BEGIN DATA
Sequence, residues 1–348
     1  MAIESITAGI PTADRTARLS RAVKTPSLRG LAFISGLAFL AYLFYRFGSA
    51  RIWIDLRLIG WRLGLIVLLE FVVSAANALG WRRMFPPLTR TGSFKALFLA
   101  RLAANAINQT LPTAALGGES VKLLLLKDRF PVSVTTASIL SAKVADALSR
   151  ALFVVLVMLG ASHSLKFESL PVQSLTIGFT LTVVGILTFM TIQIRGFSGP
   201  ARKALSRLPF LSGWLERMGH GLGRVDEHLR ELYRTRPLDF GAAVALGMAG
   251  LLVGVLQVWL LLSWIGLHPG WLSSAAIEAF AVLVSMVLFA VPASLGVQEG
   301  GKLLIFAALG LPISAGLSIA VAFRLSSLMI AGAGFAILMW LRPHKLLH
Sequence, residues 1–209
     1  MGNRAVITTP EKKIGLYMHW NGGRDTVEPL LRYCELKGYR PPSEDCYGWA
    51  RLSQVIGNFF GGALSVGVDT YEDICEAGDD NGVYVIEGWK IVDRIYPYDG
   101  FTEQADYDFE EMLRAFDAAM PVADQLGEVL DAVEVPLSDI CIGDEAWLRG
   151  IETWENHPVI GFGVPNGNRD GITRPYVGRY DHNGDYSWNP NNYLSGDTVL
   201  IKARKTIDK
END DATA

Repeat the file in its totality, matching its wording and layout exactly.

Sequence, residues 1–348
     1  MAIESITAGI PTADRTARLS RAVKTPSLRG LAFISGLAFL AYLFYRFGSA
    51  RIWIDLRLIG WRLGLIVLLE FVVSAANALG WRRMFPPLTR TGSFKALFLA
   101  RLAANAINQT LPTAALGGES VKLLLLKDRF PVSVTTASIL SAKVADALSR
   151  ALFVVLVMLG ASHSLKFESL PVQSLTIGFT LTVVGILTFM TIQIRGFSGP
   201  ARKALSRLPF LSGWLERMGH GLGRVDEHLR ELYRTRPLDF GAAVALGMAG
   251  LLVGVLQVWL LLSWIGLHPG WLSSAAIEAF AVLVSMVLFA VPASLGVQEG
   301  GKLLIFAALG LPISAGLSIA VAFRLSSLMI AGAGFAILMW LRPHKLLH
Sequence, residues 1–209
     1  MGNRAVITTP EKKIGLYMHW NGGRDTVEPL LRYCELKGYR PPSEDCYGWA
    51  RLSQVIGNFF GGALSVGVDT YEDICEAGDD NGVYVIEGWK IVDRIYPYDG
   101  FTEQADYDFE EMLRAFDAAM PVADQLGEVL DAVEVPLSDI CIGDEAWLRG
   151  IETWENHPVI GFGVPNGNRD GITRPYVGRY DHNGDYSWNP NNYLSGDTVL
   201  IKARKTIDK